Review: Shiso Moisture Brightening Serum | The Body Shop

I am absolutely loving the western skincare market this past year. With a new interest in Asian culture (I think Psy might have a hand in this) and a widening aesthetic, a greater range of skincare choices has suddenly begun to trickle into North America. Many western brands are loosening up the boundaries and bringing some of their Asia exclusive ranges across the ocean. Today’s case and point, The Body Shop.

Brand: The Body Shop
Product: Moisture White Shiso Brightening Serum*
Size: 30ml
Price: $36 CAD
Range: Cleansing oil, face wash, target corrector, eye cream, serum, moisturizer/cream.
Availability: The Body Shop Stores & Online
Would I (re)purchase: Yes.

As an avid reader of Japanese fashion and beauty magazines, I was well aware that the brand has long carried a brightening range of skincare products overseas. In fact, if memory serves me I do believe a similar line was available here in Canada but it never quite won the popularity contest and slowly dropped into the shadows.

This time around, the revamped Moisture White Shiso range is formulated with shiso (a Asian herb/spice), vitamin C and licorice. While the latter two are commonly found in a variety of skincare products both east and west, shiso is appears to be a much newer ingredient and a quick search yeilded little results on this mystery herb.

Below is a look at the full cocktail of ingredients in the Moistre White Shiso Serum, note some of the more interesting parts which have been highlighted.

Ingredients: Water, Glycerin, Cyclopentasiloxane, Squalane, Butylene Glycol, Caprylic/Capric Triglyceride, Magnesium Ascorbyl Phosphate, Dipropylene Glycol, Behenyl Alcohol, PEG-100 Hydrogenated Castor Oil, Dimethicone, Sesamum Indicum (Sesame) Seed Oil, Sodium Stearoyl Lactylate, Glyceryl Stearate, Sodium Citrate, Phenoxyethanol, Xanthan Gum, Methylparaben, Polyglyceryl-10 Pentastearate, Tetrasodium EDTA, Fragrance, Batyl Alcohol, Alcohol, Dimethicone/Vinyl Dimethicone Crosspolymer, Butylparaben, Propylparaben, Dipotassium Glycyrrhizate, Aloe Barbadensis Leaf Juice, Butylphenyl Methylpropional, Citronellol, Glycyrrhiza Glabra (Licorice) Root Extract, Hydroxyisohexyl 3-Cyclohexene Carboxaldehyde, Hexyl Cinnamal, Perilla Ocymoides Leaf Extract.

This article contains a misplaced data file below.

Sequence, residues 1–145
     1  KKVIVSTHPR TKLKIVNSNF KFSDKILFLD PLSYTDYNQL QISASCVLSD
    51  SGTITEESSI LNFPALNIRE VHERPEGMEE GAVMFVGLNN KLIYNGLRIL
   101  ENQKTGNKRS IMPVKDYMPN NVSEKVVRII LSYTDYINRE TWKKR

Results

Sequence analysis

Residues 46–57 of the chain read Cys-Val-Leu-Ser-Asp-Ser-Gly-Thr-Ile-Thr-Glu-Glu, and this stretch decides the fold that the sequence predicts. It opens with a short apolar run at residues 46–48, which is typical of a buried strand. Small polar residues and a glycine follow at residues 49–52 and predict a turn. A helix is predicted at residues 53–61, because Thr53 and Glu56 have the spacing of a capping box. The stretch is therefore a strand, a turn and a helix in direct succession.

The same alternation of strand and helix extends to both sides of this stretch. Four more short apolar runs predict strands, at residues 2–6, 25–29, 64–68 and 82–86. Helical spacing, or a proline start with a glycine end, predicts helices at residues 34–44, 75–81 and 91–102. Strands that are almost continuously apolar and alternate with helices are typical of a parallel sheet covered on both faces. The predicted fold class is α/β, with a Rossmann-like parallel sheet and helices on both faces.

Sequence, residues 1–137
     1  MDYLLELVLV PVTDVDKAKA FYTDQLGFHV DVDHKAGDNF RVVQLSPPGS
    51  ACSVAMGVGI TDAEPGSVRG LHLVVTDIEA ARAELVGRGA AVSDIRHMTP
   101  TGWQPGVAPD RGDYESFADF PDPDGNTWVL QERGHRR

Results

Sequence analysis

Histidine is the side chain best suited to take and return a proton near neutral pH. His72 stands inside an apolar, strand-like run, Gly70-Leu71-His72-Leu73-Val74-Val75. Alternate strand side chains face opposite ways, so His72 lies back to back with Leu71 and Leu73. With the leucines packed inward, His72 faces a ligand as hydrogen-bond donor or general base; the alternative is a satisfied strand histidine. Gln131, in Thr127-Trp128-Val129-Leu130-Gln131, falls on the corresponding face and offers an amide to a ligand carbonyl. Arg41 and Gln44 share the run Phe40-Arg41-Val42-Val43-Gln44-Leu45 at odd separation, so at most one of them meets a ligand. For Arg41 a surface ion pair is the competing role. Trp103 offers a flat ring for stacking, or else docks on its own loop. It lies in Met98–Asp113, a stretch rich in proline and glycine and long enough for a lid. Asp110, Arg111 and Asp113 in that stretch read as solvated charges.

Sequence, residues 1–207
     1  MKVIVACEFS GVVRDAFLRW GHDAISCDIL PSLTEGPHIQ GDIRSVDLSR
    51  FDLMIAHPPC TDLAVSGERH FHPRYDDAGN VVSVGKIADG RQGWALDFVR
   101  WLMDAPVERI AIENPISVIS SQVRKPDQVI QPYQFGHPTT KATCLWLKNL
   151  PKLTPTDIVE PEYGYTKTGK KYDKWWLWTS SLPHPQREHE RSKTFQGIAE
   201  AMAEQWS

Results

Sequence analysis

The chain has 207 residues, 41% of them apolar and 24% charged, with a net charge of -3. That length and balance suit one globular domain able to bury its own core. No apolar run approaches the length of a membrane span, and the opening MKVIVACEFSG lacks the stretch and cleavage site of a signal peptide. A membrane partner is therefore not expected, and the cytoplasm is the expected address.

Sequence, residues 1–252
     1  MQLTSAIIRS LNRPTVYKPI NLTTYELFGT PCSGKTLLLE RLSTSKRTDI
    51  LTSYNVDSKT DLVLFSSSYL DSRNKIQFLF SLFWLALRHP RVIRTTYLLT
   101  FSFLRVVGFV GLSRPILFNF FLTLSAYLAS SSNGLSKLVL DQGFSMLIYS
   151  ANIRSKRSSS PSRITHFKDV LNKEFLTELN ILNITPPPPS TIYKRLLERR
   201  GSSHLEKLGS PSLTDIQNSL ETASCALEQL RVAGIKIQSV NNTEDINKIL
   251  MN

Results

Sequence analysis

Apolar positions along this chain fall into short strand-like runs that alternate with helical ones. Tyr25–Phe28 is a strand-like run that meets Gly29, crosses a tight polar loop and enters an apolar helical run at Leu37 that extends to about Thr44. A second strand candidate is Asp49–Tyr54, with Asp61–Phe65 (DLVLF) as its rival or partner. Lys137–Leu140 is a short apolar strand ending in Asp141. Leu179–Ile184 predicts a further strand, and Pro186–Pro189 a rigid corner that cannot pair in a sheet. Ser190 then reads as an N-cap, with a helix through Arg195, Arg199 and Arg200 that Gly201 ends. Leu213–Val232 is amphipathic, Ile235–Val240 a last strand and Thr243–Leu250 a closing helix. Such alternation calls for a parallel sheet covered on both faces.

Note: This is NOT an oil-free product.

Housed in an airtight sealed pump bottle, a little over a half pump is all I need to cover my face with a little pat over my neck as well. The product itself is light both in texture and fragrance, a watery milky consistency that is very comfortable to apply and sinks in quickly with no waiting time which makes this ideal for layering with other products if you do have an extensive skincare regime. While I did find the “Japanese Formula” label on the packing to be rather superfluous I do agree that the silky smooth texture of this is serum to be similar to Japanese products I’ve used in the past, a definite improvement over the many thick and often sticky formulations of western brands.

I also love the idea that they combined brightening with moisture, an element that I can not stress enough regardless of your skin type. This Shiso Serum is not a winter approved product but for this time of the year and onwards towards summer, I think it’s rather lovely and I do notice a suppleness to my combination skin that doesn’t exacerbate the oilier parts of my face.

On the topic of skin friendliness, I’m happy to report no signs of breakouts or other irritation from using this. In fact, it does seem that my skin texture has improved slightly since adding this serum. A little finer, a little smoother, a few smaller visible pores and my skin feels lovely to the touch.

Now for the real test of time, here I have before and after photographs (above) spanning about 3 weeks of usage, during which I applied the serum pretty consistently twice a day. In real life, there seems to be a slight luminescence in the product that does translate onto the skin for a little cosmetic radiance. I do think it helps to promote healing for any fresh scars and spots, something I had the unfortunate (but convenient) opportunity to test out when I got a soccer ball right in the face causing a very notable scar on the ridge of my nose. By the time I took the after photo, the one week old scar had faded significantly and quite impressively compared to my usual healing time.

Yet for my overall complexion, including the darker patch on my forehead it seemed rather weak and it’s not something I would recommend alone for major discolouration.


At $36cad a bottle, I think The Body Shop did well by putting out a mid range affordable product with a beautiful texture that would suit a range of skin types from dry to oily. I would have liked to see a few more active natural ingredients in the mix and a little less parabens because I know they have the ability to do so. This doesn’t seem to be a heavy duty potent formulation but it is gentle and does provide some brightening affects, promotes healing of fresh spots and refines skin texture. I would suggest it for a beginner who is just venturing into brightening products or someone who wants a little radiance boost to their complexion but not if you are looking for serious brightening action. As a whole, this isn’t as effective as the Laneige White Plus Renew Essence (reviewed) on my skin but it’s nice enough that I can see myself going for a second bottle in the future.